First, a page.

Definition of townsman in English:



  • A male resident of a particular town or city (often used to contrast with a visitor or a person living in the country)

    ‘a townsman of Bury’
    ‘two foresters had attempted to arrest a townsman’
    • ‘Economy Since Maldon's residents owned very little agricultural land at the time of Domesday, it does not seem that most townsmen earned a living from farming.’
    • ‘This will be developed during the next few years and an educational spin-off will be created so that local children can research and find out about the great sacrifices made by the townsmen and women.’
    • ‘As another townsman observes, ‘That Baptiste is some fellow’.’
    • ‘The narrator meets Ethan when the man who drives him to the local train station is unable to take him and another townsman suggests that the narrator ask Ethan to drive.’
    • ‘This placed an onerous tax burden on townsmen (taxation had been extended beyond burgesses to resident non-burgesses).’
    • ‘Park and his partner continue to thuggishly interrogate the local townsmen, attempting to pin the crime on the local town dunce, while Seo formulates a plan to outthink the serial killer using logic and intuitive deduction.’
    • ‘The Greyfriars, or Friars Minor, were established in Ipswich early in the reign of Edward I; in 1284 townsman Robert de Orford bequeathed them a small sum of money.’
    • ‘Howe is an easterner and a city dweller, not a townsman.’
    • ‘A royal charter of 1447 was acquired by the townsmen in order to try to overcome local disputes.’
    • ‘Apparently one bold townsman had swum out to push the remaining crates together.’
    • ‘Old man, the orchard keeper you work for is no townsman.’
    • ‘Van Mander characterized Lucas van Leyden, Rembrandt's most famous townsman, after whose self-portrait Rembrandt modeled his own, as the great master driven by lust.’
    • ‘But in the bocage country of the west, where the new local authorities were townsmen already disliked for having done too well out of the Revolution, priests preferred solidarity with their parishioners.’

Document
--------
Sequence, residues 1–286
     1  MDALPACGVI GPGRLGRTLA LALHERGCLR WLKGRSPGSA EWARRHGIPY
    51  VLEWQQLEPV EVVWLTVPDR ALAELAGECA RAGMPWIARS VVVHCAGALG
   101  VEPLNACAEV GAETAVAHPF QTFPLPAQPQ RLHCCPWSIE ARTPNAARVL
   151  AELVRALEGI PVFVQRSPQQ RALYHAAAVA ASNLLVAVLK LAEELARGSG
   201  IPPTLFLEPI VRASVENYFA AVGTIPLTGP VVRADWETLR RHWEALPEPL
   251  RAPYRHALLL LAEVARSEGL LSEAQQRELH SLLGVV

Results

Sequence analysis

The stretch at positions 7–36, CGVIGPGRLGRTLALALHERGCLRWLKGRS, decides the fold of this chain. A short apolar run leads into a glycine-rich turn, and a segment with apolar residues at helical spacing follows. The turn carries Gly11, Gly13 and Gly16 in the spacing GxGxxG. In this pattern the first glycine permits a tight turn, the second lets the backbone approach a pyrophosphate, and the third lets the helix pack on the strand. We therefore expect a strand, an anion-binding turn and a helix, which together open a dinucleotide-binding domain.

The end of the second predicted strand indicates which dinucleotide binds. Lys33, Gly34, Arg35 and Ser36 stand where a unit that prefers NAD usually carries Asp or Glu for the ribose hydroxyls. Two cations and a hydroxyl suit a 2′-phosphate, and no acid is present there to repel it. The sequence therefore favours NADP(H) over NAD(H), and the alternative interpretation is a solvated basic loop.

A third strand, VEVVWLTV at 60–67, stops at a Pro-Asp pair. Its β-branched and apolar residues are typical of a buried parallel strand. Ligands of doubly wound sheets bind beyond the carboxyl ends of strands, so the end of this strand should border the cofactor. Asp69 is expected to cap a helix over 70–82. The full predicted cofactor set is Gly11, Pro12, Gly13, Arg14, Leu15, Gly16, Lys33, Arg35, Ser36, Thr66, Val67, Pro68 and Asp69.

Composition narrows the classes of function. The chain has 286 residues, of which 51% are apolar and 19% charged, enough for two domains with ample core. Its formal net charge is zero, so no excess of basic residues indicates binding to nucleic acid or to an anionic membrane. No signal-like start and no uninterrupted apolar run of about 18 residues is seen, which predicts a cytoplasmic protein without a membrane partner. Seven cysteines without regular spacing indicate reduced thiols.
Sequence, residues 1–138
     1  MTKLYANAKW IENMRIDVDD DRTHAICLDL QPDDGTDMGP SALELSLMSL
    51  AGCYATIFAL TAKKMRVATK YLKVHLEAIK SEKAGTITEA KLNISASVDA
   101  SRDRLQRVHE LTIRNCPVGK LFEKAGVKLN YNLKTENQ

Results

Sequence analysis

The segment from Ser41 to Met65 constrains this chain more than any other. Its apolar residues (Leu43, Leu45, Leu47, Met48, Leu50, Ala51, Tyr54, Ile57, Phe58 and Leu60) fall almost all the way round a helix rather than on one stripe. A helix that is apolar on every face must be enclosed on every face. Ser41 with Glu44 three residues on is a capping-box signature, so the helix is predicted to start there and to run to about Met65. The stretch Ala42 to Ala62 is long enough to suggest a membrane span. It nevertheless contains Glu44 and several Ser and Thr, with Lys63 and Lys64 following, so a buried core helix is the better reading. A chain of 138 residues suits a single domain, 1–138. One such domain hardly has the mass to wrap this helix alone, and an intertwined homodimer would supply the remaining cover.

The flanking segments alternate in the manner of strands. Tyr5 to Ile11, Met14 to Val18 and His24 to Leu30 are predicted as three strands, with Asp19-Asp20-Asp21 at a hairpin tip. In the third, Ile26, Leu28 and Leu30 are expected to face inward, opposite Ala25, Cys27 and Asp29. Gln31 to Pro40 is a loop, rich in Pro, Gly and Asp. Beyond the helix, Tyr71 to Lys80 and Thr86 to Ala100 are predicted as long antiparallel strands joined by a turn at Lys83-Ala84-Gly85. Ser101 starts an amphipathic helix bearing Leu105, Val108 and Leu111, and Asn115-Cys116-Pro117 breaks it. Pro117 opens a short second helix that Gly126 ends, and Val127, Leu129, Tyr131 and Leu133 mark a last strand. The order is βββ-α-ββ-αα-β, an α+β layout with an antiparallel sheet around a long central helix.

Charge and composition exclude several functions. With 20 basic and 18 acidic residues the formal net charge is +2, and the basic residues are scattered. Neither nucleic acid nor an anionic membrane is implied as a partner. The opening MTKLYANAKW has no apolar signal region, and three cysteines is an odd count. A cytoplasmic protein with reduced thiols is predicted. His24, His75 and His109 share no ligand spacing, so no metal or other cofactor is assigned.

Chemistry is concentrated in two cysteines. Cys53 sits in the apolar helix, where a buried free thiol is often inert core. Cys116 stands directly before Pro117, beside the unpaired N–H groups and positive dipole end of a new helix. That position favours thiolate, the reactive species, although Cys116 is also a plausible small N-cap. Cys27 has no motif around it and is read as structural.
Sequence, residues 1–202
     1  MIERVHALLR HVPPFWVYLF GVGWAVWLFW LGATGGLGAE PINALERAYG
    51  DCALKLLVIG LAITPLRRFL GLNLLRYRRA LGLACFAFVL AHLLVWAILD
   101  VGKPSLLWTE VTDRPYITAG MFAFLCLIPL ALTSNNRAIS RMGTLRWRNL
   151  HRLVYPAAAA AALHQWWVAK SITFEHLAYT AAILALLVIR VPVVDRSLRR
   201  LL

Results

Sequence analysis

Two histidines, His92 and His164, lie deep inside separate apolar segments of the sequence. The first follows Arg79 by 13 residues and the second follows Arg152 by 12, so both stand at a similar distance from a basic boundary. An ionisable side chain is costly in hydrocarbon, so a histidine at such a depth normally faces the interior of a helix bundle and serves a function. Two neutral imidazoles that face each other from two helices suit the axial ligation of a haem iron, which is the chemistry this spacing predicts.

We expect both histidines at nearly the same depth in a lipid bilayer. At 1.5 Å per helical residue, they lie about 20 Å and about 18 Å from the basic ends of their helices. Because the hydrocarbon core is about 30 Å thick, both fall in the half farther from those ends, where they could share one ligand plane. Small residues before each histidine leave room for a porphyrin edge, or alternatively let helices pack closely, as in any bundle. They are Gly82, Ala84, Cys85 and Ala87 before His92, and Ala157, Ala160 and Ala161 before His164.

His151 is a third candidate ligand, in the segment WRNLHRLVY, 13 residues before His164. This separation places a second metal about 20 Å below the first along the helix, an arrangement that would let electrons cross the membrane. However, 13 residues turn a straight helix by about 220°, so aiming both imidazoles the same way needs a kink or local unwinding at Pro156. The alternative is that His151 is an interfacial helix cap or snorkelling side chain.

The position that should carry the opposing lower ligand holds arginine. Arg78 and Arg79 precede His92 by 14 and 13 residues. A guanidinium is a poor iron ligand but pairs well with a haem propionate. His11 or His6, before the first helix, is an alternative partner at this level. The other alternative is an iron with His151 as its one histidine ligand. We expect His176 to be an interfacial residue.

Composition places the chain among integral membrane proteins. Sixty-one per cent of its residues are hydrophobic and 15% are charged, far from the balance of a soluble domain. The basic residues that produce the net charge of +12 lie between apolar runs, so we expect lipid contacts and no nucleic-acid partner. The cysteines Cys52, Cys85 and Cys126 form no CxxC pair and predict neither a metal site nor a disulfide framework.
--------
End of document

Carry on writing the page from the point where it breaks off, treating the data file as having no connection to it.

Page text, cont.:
• ‘As far as the Royalists were concerned, the typical Parliamentarian was a ‘base mechanic’: a low-born, lumpen townsman, inexperienced in judgment and inelegant in appearance.’
    • ‘But your major characters are a dumb, vain young king; a big, dumb townsman; a huge, dumb, evil sidekick who likes to cook; and one evil old bag who seems to have escaped from a natural history museum.’
    • ‘Towns and townsmen were part of this relationship of mutual interest and service which historians have unflatteringly dubbed ‘bastard feudalism’.’
    • ‘Not a lot was happening up front for the townsmen.’
    • ‘In the 1490s, a wealthy Stratford townsman, Hugh Clopton, had made sure the routes to the south remained passable throughout the year by paying for the construction of the fine stone bridge that still spans the river.’
    • ‘The bailiffs shall register the surety in the common roll of the town, so that every townsman damaged by the deceiving purchaser may recover [losses] against him and his surety.’
    • ‘In any case, townsmen were loathe to serve in parliament, no matter what the pay.’
    • ‘In a celebrated passage the thirteenth-century French jurist Beaumanoir attributed servile status to anyone below the category of privileged townsman.’
    • ‘His father Hugh, a merchant who dealt in victuals (sometimes on behalf of the king), had been mayor in 1342/43 and co-owned a ship with his brother Henry, a slightly less prominent townsman; both succumbed to the first outbreak of plague.’
    inhabitant, local
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